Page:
Your finances are a private matter and it is important to keep it that way. Although your filing will become part of the public record, it is not public in the way that you may at first think. Your filing is not typically published in the newspaper (unless for some reason it was newsworthy), or broadcast on the Internet or radio. This does not mean that the information is invisible from your employer’s eyes. It just means that unless an employer has some reason to believe that you filed bankruptcy and is actively attempting to find out if you filed, it is very unlikely that they would know that you filed such a legal proceeding.
Will My Employer Find Out that I Filed Bankruptcy in San Diego?
So you still want to know, “will my employer find out that I filed bankruptcy in San Diego?” The short answer, is that it is highly unlikely. There are three principal ways that employers could normally come to learn of an employee’s San Diego bankruptcy filing.
The first way is if your lawyer lists the employer as a creditor in your petition and schedules which form the basis of the list of creditors that receive notice of the filing. All creditors listed are notified of your filing. Creditors who are not listed are not notified. Assuming that an employer is not listed as a creditor (usually your employer is not going to be a creditor), then they will not receive notice of your filing. If your employer is a creditor, discuss your options with your attorney before your case is filed.
The second way that an employer could learn about your filing is if the employer is checking your credit report on a regular basis and sees your filing show up as a public record on your credit report. The only way that someone can legally check your credit report is if you gave them advance permission to check your credit report in the future. Since, in most cases, employees do not give their employer permission to check their credit report in the future, it is unlikely that the employer will be checking your credit report in the future and discover your filing.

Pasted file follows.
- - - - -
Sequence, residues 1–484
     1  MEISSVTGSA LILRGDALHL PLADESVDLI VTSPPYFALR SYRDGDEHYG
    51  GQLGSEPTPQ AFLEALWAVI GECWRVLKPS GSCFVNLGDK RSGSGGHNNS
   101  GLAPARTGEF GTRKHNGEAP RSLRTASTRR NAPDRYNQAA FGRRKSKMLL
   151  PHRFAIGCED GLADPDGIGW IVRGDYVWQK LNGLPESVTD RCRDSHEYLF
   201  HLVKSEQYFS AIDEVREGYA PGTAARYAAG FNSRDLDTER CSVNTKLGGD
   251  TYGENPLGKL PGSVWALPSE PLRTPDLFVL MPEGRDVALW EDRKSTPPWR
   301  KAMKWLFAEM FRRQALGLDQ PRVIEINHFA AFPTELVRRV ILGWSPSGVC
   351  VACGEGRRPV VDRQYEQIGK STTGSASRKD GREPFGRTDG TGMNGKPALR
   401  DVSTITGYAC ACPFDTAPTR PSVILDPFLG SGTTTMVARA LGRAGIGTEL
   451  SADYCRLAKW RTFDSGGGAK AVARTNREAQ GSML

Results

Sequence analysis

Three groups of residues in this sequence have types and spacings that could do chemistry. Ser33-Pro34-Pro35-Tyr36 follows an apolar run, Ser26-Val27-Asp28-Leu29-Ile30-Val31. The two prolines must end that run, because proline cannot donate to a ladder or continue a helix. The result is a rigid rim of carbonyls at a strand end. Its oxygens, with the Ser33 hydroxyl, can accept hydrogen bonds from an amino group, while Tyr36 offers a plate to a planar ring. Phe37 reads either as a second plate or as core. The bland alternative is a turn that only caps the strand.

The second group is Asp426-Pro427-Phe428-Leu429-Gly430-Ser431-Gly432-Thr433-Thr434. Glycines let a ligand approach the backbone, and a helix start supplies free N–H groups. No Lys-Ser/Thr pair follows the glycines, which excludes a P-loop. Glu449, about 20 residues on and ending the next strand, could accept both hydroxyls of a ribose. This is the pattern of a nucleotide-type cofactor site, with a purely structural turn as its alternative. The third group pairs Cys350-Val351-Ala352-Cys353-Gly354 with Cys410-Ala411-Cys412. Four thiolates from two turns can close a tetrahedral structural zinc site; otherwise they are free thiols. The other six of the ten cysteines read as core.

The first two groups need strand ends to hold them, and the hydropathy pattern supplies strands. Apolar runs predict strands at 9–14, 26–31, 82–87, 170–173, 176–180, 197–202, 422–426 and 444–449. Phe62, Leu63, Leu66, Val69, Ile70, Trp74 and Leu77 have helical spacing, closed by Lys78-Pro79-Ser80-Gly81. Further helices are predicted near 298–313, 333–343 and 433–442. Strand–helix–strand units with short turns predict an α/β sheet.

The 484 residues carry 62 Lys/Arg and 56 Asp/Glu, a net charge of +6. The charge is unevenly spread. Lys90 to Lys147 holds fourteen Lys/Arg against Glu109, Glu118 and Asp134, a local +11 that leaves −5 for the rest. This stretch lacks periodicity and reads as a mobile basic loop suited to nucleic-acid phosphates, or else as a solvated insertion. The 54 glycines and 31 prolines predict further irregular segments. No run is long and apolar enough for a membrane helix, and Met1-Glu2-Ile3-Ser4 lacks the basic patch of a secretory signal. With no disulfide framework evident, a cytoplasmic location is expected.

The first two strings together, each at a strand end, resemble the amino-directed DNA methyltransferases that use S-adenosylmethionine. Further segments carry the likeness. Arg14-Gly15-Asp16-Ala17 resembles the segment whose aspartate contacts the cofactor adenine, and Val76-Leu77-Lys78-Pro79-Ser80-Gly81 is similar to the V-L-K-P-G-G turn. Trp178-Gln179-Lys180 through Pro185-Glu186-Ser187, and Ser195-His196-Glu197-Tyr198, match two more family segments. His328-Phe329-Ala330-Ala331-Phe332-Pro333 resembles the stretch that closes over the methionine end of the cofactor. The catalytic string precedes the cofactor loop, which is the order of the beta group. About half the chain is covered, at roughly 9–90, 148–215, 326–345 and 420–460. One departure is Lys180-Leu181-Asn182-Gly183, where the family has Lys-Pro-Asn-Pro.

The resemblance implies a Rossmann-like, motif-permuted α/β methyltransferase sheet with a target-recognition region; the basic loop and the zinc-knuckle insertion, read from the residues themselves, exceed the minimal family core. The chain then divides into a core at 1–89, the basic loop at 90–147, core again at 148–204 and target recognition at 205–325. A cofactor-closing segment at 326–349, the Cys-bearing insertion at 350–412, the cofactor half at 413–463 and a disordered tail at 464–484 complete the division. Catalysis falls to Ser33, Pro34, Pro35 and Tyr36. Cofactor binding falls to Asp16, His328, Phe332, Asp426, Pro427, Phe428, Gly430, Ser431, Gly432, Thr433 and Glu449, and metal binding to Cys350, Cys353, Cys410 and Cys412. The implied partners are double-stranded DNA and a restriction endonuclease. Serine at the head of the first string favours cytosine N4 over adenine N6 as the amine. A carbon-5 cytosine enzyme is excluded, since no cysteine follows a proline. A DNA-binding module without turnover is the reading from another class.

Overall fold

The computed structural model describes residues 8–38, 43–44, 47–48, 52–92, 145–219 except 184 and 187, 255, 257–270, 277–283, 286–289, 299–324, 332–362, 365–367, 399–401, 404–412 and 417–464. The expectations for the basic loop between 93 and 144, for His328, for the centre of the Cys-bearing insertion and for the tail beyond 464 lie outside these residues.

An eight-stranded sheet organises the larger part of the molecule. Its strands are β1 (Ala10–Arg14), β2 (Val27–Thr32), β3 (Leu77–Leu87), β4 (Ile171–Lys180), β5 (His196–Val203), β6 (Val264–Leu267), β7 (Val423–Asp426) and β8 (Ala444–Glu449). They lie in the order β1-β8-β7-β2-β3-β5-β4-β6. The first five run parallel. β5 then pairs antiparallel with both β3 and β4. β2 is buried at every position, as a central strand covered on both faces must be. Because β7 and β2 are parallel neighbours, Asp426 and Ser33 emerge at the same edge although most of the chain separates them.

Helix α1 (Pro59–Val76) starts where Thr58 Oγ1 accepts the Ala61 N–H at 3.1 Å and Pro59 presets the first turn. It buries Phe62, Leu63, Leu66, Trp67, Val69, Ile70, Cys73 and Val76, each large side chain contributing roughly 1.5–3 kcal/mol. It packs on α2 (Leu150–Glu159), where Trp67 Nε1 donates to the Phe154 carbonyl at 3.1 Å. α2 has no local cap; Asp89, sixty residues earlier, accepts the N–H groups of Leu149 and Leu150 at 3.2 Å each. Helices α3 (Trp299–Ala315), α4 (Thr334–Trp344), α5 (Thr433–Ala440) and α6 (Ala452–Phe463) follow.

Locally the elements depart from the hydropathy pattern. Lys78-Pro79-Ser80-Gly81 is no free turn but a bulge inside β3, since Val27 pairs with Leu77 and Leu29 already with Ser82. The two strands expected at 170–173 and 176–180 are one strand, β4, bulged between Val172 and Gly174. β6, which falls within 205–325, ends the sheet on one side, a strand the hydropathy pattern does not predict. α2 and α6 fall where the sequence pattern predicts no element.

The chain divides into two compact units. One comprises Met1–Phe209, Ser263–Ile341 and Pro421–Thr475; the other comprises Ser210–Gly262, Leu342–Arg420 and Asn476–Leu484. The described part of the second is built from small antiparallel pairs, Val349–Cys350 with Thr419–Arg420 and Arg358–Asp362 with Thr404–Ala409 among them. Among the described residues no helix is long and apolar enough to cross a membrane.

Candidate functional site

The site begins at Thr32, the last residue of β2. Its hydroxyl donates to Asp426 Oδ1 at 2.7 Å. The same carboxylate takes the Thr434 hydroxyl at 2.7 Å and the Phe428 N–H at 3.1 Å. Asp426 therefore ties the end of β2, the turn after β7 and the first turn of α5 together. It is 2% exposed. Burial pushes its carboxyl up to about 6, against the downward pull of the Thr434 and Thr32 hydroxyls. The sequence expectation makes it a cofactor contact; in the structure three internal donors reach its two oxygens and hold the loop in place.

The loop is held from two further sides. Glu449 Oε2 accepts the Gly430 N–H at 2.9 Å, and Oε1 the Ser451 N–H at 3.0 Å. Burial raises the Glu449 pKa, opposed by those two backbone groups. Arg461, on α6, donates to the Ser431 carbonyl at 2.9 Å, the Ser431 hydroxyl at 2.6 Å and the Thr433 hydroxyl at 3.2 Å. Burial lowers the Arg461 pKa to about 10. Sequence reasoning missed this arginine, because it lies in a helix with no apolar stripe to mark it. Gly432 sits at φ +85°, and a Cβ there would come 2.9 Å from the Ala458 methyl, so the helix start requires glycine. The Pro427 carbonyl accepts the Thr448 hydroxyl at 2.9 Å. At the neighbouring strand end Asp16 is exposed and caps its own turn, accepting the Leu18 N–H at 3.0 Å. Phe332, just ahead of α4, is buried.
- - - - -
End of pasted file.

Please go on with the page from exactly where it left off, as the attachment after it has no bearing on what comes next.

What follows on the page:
The third way that a filing could typically be discovered is if your employer, for some reason, was actively investigating to determine if you had filed. Any San Diego bankruptcy attorney with access to the Federal Court electronic records (or non-attorney with such access) can search a person’s name on the court’s electronic records and in such a search your filing would show up. But most employers are not searching the court’s electronic records.
Also, you need not worry, your employer won’t see your bankruptcy filing in the latest issue of the newspaper that he or she just picked up, nor will he or she be able to do a Google search and see your case filing, at least not as of the time of the posting of this blog. If a significant amount of time has passed between the posting of this blog and the time that you are reading it, you should confirm with a San Diego bankruptcy lawyer that Federal court filings still are not showing up on a Google internet search.
In order to discover your filing through the internet, the search typically would need to be done by a San Diego bankruptcy attorney or other person with access to the Federal Court electronic records and possess the ability and knowhow to do an effective and proper search within the court’s electronic records system.
Finally, even if your employer were to somehow find out about your filing, Federal law, specifically the Bankruptcy Code, protects you from “discriminatory treatment” (such as attempting to fire you from your job) simply because you filed for bankruptcy relief.